• Sales and marketing. Other than creating a professional web presence and brand identity, a PPESCO should avoid spending money on traditional marketing and advertising. Instead, it should use social media, live and online networking, and other methods (as described in the Marketing section) to increase brand awareness and prospects for building improvement projects.

    First prospects can be found through existing networks, which can be especially useful in locating possible projects in which the PPESCO could catalyze much deeper savings and better energy performance than would otherwise occur in a conventional building project. In other words, if not for the PPESCO, those deeper savings would not be achieved.

  • Back office. It is cost-effective for the sponsoring or parent organization to provide space and services to the start-up.

Year 2: Hire, Launch, and Engage

  • Team. Hire the new General Manager (GM), either from within the parent organization or from outside the organization. The primary responsibility of the GM will be to develop the market for the PPESCO and manage the business.
  • Operations. The PPESCO should build standards, practices, procedures, systems, contracts, and other tools that will avoid re-inventing the wheel for each new PPESCO client. Using web-based tools such as customer relationship management software, the PPESCO can empower the team to find and cultivate more prospects. Developing external partnerships that deliver and manage funding, clients, contractors, consultants, and partners is also appropriate during this period.
  • Financial. The sponsoring organization should plan to commit a meaningful amount of internal funding (optimally as debt) to provide early capital, and to invite external capital sources to match that commitment. Parent organizations should expect to spend a meaningful amount of resources on legal, travel, and consulting expenses, as well.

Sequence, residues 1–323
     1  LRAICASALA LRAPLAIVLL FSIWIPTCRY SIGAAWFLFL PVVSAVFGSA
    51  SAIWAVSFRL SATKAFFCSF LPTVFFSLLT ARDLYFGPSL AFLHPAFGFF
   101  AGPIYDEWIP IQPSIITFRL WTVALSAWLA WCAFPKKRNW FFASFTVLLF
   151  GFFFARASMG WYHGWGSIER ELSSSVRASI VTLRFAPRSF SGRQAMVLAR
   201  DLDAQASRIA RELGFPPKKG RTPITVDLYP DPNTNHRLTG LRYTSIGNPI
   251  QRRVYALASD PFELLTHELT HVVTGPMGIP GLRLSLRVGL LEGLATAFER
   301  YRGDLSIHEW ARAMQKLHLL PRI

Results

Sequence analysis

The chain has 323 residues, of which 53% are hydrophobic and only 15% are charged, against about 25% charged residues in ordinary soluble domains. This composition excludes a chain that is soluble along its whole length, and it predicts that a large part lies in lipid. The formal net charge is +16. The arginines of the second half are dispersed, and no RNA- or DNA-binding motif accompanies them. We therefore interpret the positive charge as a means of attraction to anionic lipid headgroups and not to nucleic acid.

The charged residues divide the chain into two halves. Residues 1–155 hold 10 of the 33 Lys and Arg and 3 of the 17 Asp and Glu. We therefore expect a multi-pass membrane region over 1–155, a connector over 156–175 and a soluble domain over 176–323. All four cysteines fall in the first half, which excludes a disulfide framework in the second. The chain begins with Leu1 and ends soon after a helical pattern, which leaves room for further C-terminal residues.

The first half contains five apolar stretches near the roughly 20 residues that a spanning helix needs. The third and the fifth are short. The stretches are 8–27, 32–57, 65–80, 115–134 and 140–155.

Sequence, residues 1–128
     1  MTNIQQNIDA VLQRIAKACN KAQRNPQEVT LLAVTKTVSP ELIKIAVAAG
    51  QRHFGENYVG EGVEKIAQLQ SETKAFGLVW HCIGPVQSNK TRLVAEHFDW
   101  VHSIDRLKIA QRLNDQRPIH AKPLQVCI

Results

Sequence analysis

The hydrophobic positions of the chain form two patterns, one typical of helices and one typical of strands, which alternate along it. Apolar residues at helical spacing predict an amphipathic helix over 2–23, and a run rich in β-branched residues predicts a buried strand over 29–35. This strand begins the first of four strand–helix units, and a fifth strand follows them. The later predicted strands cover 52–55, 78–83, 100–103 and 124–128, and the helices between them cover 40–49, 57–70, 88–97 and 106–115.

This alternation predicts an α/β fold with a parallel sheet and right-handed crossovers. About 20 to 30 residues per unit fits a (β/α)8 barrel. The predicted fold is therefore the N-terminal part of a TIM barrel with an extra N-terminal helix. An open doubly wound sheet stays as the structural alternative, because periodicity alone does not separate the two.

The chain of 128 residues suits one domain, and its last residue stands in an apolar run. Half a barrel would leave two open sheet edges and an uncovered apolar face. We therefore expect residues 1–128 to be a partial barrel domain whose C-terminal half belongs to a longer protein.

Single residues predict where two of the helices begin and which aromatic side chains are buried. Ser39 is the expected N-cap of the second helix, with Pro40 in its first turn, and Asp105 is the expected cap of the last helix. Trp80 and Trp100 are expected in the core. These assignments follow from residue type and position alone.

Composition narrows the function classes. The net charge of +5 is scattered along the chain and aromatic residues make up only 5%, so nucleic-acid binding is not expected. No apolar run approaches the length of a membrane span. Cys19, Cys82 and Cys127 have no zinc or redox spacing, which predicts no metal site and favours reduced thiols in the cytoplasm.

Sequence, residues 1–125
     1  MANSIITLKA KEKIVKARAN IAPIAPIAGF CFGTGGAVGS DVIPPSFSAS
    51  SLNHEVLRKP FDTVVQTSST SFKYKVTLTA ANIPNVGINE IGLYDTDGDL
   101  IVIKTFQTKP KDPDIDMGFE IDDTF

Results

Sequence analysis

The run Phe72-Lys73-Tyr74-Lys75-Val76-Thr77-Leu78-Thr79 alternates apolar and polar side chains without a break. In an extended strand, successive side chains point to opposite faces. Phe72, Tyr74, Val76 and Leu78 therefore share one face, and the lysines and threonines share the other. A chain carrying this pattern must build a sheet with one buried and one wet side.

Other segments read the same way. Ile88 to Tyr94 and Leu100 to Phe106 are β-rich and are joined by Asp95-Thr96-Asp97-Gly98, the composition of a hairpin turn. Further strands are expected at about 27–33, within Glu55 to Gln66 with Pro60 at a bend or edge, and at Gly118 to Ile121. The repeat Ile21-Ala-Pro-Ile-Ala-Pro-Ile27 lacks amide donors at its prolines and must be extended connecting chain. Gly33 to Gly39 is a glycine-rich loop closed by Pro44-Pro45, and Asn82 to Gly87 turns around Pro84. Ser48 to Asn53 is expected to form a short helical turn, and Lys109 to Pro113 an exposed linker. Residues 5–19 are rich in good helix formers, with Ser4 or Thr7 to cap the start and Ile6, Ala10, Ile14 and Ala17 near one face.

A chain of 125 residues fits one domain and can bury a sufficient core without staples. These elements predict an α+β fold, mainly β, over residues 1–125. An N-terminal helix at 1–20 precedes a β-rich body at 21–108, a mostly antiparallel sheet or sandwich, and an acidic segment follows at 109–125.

Year 3: Scale and Self-sustainability

  • Team. Subject to existing and anticipated opportunity flow, the PPESCO can now enhance the team in marketing and sales, operations and finance, and administration.
  • Operations. The GM should consider automation—for example, web-based client self-service for content and lead development—so that plans for scaling can be created and assessed.
  • Financial. The PPESCO can now work with private, public, and nonprofit sector partners to secure reliable institutional sources of capital for project financing.
  • Marketing and sales. With multiple projects under way, marketing should showcase project case studies that tell stories relevant to each sector served and make the case for PPESCO’s competency and results. Case studies can help attract new capital, as well as new projects and partners.

    Concurrently, professional papers, fact sheets, e-mail newsletters, social media, and other digital communication will enhance the PPESCO organization’s selling infrastructure. This is also likely to earn media attention. Further, a PPESCO should increase its profile and presence at the federal and state levels, to support policies that facilitate the work of PPESCOs.

  • Back office. Assuming the sponsor organization is still supporting the PPESCO, the PPESCO should be alert to prioritizing its administrative needs and costs to be sure the services are cost-effective.